I mean, I know there has never been a computer of 200W that has ever been able to run ZFS with ECC memory……….atom. And as your article does show, as usual, it is not that you can put another computer somewhere, its putting it there and getting it to do what you want and talk with the computer playing host to it. So great. Its an comp-ccelerator. It can offload my OVS, cool. Also there is a certain always around the corner about so much these days. The future, great (maybe?), but if something is always around the corner, its not being used for anything they told us Sapphire Rapids was good for. Bazinga! Intel joke. AMD handed Zen 1 to China for a quick buck. AMD joke. All is balanced.

  2. The article states all VM were provisioned the same, but then doesn’t go on to provide details or at least details I could find. Was the test sensitive to how many virtual CPUs and RAM was assigned to each VM? What are the details of the VM?

  3. Thanks for the quick reply. I was reading the article on my mobile phone. The screen images are blurry unless one clicks on an image and then pinches to zoom. I see the configuration now.

    Thanks for the detailed analysis.

  4. I wonder how close you could get to these figures using DPDK in Proxmox instead of using a DPU. The DPU performance difference while nice is not as big as I would have expected. Afaik AWS mentioned latency decreases and bandwidth uplift of 50% when initially switching to their Nitro architecture.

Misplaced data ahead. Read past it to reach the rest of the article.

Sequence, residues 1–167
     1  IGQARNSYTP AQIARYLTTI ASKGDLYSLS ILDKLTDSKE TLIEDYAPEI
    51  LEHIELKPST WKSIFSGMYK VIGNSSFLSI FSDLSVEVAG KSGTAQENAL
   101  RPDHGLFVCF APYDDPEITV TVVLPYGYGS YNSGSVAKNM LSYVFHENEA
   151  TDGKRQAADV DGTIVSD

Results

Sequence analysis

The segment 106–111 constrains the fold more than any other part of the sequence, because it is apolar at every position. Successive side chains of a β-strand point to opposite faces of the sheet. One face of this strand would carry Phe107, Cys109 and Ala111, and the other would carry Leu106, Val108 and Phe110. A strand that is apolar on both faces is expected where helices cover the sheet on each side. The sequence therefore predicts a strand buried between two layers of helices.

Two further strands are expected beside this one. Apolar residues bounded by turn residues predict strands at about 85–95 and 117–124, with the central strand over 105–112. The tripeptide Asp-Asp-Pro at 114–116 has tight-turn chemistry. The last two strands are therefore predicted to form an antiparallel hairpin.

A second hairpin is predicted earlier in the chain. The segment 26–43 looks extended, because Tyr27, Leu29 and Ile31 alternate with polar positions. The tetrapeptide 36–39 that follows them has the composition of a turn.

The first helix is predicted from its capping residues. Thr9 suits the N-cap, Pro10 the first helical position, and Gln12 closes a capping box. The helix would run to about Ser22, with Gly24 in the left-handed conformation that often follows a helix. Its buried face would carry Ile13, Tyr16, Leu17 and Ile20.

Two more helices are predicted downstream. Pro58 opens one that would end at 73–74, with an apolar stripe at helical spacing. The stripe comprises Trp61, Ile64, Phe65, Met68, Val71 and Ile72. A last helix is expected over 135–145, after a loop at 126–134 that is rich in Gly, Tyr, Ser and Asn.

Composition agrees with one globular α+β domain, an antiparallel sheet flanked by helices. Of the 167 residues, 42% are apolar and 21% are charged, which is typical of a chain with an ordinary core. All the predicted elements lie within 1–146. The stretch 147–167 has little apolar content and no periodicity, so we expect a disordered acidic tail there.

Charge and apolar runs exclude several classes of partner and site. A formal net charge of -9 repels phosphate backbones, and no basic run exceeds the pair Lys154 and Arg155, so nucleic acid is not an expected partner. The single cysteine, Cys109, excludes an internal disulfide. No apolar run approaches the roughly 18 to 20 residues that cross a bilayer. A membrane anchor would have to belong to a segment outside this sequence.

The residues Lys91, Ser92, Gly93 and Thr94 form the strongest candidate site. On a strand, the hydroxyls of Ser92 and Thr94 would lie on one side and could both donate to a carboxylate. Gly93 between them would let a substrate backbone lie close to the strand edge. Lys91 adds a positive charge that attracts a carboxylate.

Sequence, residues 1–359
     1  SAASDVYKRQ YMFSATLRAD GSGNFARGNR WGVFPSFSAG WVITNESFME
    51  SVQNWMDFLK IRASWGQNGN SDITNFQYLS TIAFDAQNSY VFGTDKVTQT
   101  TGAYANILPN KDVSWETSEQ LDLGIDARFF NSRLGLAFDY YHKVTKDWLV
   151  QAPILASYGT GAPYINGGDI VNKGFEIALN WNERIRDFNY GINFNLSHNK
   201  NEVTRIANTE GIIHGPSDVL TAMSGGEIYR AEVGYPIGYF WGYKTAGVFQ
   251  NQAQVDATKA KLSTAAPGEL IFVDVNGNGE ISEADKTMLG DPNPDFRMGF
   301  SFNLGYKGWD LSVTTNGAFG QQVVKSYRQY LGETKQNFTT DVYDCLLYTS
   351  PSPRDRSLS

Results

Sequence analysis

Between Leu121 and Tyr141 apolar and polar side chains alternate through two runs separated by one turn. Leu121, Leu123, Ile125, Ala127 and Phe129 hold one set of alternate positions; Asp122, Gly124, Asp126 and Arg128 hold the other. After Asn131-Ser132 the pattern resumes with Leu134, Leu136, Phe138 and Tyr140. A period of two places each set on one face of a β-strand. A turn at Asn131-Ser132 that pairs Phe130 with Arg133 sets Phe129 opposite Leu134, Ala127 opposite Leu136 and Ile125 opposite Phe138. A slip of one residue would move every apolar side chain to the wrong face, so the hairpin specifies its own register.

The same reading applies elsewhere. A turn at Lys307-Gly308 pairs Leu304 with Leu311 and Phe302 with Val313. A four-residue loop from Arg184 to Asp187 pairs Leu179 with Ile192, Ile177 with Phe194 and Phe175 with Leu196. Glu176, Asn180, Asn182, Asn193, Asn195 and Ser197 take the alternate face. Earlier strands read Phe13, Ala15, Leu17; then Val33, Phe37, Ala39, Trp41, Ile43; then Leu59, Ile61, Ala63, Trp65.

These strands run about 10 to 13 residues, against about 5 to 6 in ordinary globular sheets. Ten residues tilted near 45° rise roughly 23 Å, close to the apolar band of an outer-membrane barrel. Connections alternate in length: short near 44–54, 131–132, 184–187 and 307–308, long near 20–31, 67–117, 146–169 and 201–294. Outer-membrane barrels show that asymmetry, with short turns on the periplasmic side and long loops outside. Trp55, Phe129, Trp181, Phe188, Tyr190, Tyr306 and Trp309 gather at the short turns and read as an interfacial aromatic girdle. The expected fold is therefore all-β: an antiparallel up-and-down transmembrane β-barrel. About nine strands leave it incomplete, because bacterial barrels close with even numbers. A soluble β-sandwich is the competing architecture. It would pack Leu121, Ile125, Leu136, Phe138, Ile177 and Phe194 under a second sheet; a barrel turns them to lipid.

5. WB

    AMD committed something akin to treason, and someone lied to you about something something Intel. Run Along – you are not the target audience for this now deprecated DPU nor for anything in the server realm.


    This the previous gen card – the Bluefield 3 (400Gb/s) offers better performance.

    No SPR servers to review (I have 13 dual SPR 1U servers) – no modern DPU to review, no DGX A100 or DGX H100 to review – yet all of those are in my datacenter…

    If Patrick had actual journalistic skills and a site that attracts more than a couple dozen people I would let him review the equipment I have.

  6. Ha! This DA troll. You’re realizing at some point they’ve got 130K subs on YT and they’re getting tens of thousands of views per video, not posting anywhere near as much on here. Based on their old Alexa rank they’re 3-5M pv/ month so that’s like 100k pv/ article.

    13 SPR servers is small. We’re at thousands deployed in just the last 4 weeks and we’re looking at Pensando or BlueField for our VMware clusters going forward.

    Go troll somewhere else.

  7. DA I strongly suspect that better hardware performance is not the missing key but that the virtualization implementation is less than optimal. We already have numbers of DPU to DPU traffic running directly on the cards and those are much better than the VM level differences.

  8. Right now, only a select number of cards are supported by VMware. These are the fastest BlueField-2 DPUs supported. BlueField-3’s will be, but not yet.

    To be fair to DA – we do only get a several dozen people per minute on the main site.